Employers and people named in an application to stop workplace bullying can respond. You need to respond within 7 days.
On this page:
Why you may receive an application
When a worker applies to us for an order to stop bullying, we will send you a copy of their application if you:
- are a ‘person named’ in the application as having engaged in bullying behaviour
- an employer (or principal) named in the application
- a lawyer or paid agent involved in the case.
We will also ask you to tell us your side of the story.
If we send you a copy of the application, it means:
- a worker believes someone bullied them at work
- the worker has applied for an order to stop the bullying
- the Commission hasn't decided the case yet.
How to respond to an anti-bullying application
Understand how to respond to an application for an order to stop bullying. We explain the timeframes, tell you which form you need, and discuss some of the objections you may raise in your response.
If you are the employer (or principal)
You must respond to the application within 7 days.
Use Form F73 - Respond to a bullying application as an employer or principal.
It is important that you try to respond quickly to the issues raised. As an employer, you have a duty to provide a safe place of work under Work Health and Safety (WHS) laws.
The following organisations may be able to help you with information on bullying at work:
- employer associations
- chambers of commerce
- peak industry bodies
- your state or territory Department of Business
- your state or territory health and safety authority.
- our Workplace Advice Service – free legal help for eligible employers.
If you are a person named in the application
If you want to respond to the application, you must do so within 7 days.
Use Form F74 - Respond to a bullying application as a 'person named'.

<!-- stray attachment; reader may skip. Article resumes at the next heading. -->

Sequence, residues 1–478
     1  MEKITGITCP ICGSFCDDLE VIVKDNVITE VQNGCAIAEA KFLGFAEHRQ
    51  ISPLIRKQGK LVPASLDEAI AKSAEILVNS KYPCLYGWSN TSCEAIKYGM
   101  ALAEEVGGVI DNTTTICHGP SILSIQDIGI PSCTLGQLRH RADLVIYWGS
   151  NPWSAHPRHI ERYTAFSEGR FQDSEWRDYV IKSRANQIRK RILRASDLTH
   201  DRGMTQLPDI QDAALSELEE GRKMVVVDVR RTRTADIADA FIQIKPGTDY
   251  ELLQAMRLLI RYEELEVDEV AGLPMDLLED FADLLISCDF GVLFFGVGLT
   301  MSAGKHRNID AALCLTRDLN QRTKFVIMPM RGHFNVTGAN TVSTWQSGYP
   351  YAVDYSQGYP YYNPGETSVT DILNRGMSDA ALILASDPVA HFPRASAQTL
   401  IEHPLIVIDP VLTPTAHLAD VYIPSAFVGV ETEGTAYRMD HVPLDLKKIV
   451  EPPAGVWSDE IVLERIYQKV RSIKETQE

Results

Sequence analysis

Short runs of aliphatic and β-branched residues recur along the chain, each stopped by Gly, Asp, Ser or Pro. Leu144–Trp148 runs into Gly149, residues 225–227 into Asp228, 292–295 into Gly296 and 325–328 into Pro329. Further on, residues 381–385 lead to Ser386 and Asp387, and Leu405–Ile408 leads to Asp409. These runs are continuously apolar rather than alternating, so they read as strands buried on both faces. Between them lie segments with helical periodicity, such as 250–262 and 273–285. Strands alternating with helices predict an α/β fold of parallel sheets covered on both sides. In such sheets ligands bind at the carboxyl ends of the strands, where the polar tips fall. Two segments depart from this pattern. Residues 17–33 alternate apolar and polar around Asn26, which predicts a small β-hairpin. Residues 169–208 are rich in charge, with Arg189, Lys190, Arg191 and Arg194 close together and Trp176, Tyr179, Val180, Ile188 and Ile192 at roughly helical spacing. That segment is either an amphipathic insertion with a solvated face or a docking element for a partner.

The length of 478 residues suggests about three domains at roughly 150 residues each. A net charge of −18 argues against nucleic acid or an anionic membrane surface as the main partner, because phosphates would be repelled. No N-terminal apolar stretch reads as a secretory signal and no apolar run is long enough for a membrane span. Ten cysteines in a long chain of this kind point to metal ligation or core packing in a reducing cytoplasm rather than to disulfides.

If you need support, consider contacting:
- your supervisor or manager
- your human resources department
- health and safety representative
- union representative
- your employer's Employee Assistance Program
- Lifeline on 13 11 14 any time you need immediate emotional support.
You might also be eligible for free legal assistance through the Commission's Workplace Advice Service.
Challenge an application
If you don't think the worker has been bullied at work, you should tell us in your response. This might be because:
- the behaviour in the application does not meet the legal definition of bullying at work
- the worker is not covered by the national workplace bullying laws
- the action you took was reasonable management action, carried out in a reasonable manner
- the application is frivolous or vexatious
- the application has no reasonable chance (prospect) of success.
Even if you challenge the application, you need to respond. We need the details so the Commission can work out whether to uphold your objection.
What happens next
Every case is different. When we receive your response we consider it and decide the next steps.
This can include:
- trying to solve the issue using conciliation
- attending a conference or hearing.
We will let you know what to do next.